It has long been known that many Mongoloid groups generally have higher IQ scores than Caucasoids, but the reasons for this difference have not been explained. As the authors point out "Intelligence is a multidimensional and hierarchical edifice" which involves both "general" processes which co-ordinate information processing across many domains of thought, as well as "specialized" processes which affect only particular mental tasks, involving e.g., verbal, spatial, or quantitative reasoning.
Mental processing is affected by both genes and environment, and these differ between Greeks and Chinese, as well as between most Caucasoids and Mongoloids in general. For example, Chinese words are shorter than those of Indo-European languages spoken by most Caucasoids, whereas Chinese students have to learn a logographic, picture-based writing system. These differences may affect mental processing, e.g., because "shorter" Chinese words may be stored more easily, whereas more space is required to short the more "complex" logograms of the Chinese writing system.
The article provides three important conclusions. First, the architecture of mental processing is the same in both Greeks and Chinese, involving essentially the same mental processes and organization. In other words, Greeks and Chinese think "the same". Second, the Greeks and Chinese show no difference in the general factor of mental processing which is used across different thought domains. Rather, the difference between the two groups is limited to areas requiring visuo/spatial processing:
Thus, we suggest that this advantage is related to the massive visuo/ spatial practice that they receive in learning Chinese writing. This claim is based on three findings. First, this advantage only slightly generalizes to other realms, where there is equivalent practice or minimal visuo/spatial processing. Second, the two cultural groups have about the same number of visualizers until the third grade; with increasing education, which differentiates the two cultures in the mastering of complex visual information more than in any other aspect of the curriculum, visualizers become many more among the Chinese. Third, with time, Greeks, gradually acquire compensating strategies, even if relevant practice is not sufficient to transform them into visualizers. As a result, their differences from the Chinese tend to decrease with increasing age in the visuo/spatial domain and to disappear in some other domains, such as quantitative reasoning.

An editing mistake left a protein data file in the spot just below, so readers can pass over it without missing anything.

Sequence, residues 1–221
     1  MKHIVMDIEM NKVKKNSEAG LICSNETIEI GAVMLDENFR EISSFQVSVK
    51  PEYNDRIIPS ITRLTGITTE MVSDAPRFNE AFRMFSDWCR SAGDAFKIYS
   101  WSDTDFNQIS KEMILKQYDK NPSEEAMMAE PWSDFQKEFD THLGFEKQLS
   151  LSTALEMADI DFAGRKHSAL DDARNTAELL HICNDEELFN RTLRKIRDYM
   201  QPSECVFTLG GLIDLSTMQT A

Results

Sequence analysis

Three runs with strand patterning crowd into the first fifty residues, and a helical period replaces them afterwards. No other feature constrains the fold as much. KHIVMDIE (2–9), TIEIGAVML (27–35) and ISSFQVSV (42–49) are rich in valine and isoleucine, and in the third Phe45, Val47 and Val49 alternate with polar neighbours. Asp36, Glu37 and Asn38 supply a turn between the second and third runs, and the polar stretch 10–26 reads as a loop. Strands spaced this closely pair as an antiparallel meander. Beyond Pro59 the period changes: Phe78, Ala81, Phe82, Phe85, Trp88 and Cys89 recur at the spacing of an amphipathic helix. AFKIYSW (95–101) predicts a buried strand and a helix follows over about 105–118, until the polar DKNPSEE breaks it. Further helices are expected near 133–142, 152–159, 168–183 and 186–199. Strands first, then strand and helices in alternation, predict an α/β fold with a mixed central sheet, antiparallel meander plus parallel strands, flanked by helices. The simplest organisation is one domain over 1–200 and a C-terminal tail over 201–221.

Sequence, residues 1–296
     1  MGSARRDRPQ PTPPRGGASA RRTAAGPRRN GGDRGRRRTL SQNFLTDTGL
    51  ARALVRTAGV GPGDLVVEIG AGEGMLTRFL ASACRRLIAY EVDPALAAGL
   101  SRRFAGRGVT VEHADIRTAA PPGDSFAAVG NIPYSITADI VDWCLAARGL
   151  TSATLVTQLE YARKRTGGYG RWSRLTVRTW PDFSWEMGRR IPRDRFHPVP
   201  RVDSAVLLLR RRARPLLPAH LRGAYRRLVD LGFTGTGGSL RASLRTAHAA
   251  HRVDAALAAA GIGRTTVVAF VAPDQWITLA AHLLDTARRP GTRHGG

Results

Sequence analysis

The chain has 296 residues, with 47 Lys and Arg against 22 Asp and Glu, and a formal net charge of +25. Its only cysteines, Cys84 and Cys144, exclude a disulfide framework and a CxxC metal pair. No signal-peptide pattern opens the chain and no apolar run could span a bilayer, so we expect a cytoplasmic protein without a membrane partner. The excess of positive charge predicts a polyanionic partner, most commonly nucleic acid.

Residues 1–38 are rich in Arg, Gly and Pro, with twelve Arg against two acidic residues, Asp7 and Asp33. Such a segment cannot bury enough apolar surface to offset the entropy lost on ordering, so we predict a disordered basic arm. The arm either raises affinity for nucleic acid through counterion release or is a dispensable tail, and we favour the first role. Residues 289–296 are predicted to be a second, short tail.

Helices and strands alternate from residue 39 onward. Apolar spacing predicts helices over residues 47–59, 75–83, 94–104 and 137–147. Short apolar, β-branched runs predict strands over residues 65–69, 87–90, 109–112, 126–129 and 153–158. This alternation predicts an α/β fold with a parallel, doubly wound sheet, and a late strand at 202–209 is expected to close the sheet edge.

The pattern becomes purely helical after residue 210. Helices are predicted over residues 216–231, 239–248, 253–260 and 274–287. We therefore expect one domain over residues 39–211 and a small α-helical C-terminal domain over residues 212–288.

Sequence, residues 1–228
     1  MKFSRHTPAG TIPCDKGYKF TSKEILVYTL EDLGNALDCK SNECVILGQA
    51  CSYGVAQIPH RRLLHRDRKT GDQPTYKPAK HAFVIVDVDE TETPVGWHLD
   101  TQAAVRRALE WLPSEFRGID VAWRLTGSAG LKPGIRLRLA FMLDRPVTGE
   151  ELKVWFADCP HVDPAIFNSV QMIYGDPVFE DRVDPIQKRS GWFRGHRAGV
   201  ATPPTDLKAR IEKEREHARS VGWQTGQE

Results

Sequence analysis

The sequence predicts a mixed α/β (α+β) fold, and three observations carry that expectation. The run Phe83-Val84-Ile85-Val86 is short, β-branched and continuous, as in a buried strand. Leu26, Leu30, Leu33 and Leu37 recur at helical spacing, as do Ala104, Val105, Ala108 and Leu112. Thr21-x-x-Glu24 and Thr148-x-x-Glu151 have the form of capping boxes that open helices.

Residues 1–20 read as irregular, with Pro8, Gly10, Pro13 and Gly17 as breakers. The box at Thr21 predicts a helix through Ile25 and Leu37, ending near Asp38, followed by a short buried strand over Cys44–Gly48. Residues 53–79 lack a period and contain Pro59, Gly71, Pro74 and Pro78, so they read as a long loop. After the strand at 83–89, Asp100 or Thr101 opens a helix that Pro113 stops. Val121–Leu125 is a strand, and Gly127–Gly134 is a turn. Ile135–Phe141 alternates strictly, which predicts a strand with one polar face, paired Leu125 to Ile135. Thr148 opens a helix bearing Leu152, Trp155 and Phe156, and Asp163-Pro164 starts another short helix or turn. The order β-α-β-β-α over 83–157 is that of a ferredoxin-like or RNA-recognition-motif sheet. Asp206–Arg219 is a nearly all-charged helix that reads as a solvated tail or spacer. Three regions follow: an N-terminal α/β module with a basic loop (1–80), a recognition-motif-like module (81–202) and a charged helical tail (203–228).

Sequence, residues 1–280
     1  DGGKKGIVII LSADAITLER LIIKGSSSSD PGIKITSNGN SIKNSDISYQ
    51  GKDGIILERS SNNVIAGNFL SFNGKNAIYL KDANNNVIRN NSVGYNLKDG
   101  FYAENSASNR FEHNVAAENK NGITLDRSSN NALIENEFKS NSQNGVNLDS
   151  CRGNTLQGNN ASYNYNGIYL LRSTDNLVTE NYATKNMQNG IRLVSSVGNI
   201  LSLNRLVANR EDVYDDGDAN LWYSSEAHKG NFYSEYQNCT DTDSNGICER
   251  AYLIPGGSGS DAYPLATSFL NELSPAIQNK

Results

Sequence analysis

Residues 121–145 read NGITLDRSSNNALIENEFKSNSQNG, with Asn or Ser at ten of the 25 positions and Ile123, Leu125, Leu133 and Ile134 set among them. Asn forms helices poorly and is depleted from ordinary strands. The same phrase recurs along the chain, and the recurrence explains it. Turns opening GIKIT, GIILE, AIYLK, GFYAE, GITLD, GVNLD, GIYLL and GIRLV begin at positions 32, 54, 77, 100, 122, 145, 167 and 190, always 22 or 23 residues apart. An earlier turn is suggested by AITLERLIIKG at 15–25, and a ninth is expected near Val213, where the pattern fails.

The idea that the Chinese logographic system (as well as other similar systems used by other Mongoloids, such as the Koreans or Japanese) represents a type of "mental doping", improving visuo/spatial performance at an early age -if it is confirmed- represents an important victory for those who believe in the significant effect that culture has in mental development, and a further nail in the coffin of the theory that human groups differ from each other in mental processing due to innate genetic factors.
PS: The finding that Greeks do not differ from Chinese in g further discredits Richard Lynn's assessment of Greek IQ, which -together with much of the data in his book- is based on massaged data.
Intelligence (Article in Press)
The architecture, dynamics, and development of mental processing: Greek, Chinese, or Universal?
Andreas Demetriou et al.
This study compared Greeks with Chinese, from 8 to 14 years of age, on measures of processing efficiency, working memory, and reasoning. All processes were addressed through three domains of relations: verbal/propositional, quantitative, and visuo/spatial. Structural equations modelling and rating scale analysis showed that the architecture and developmental patterning of the various processes are basically the same in the two ethic groups. The Chinese clearly outperformed the Greeks in all tasks addressing visuo/spatial processing, from processing efficiency through working memory and reasoning, but neither in g nor in processes where the two groups have equivalent experience. This advantage was associated to the massive practice in visuo/spatial processing that is required to learn the Chinese logographic writing system. The implications for general theory of intelligence and intellectual development are discussed.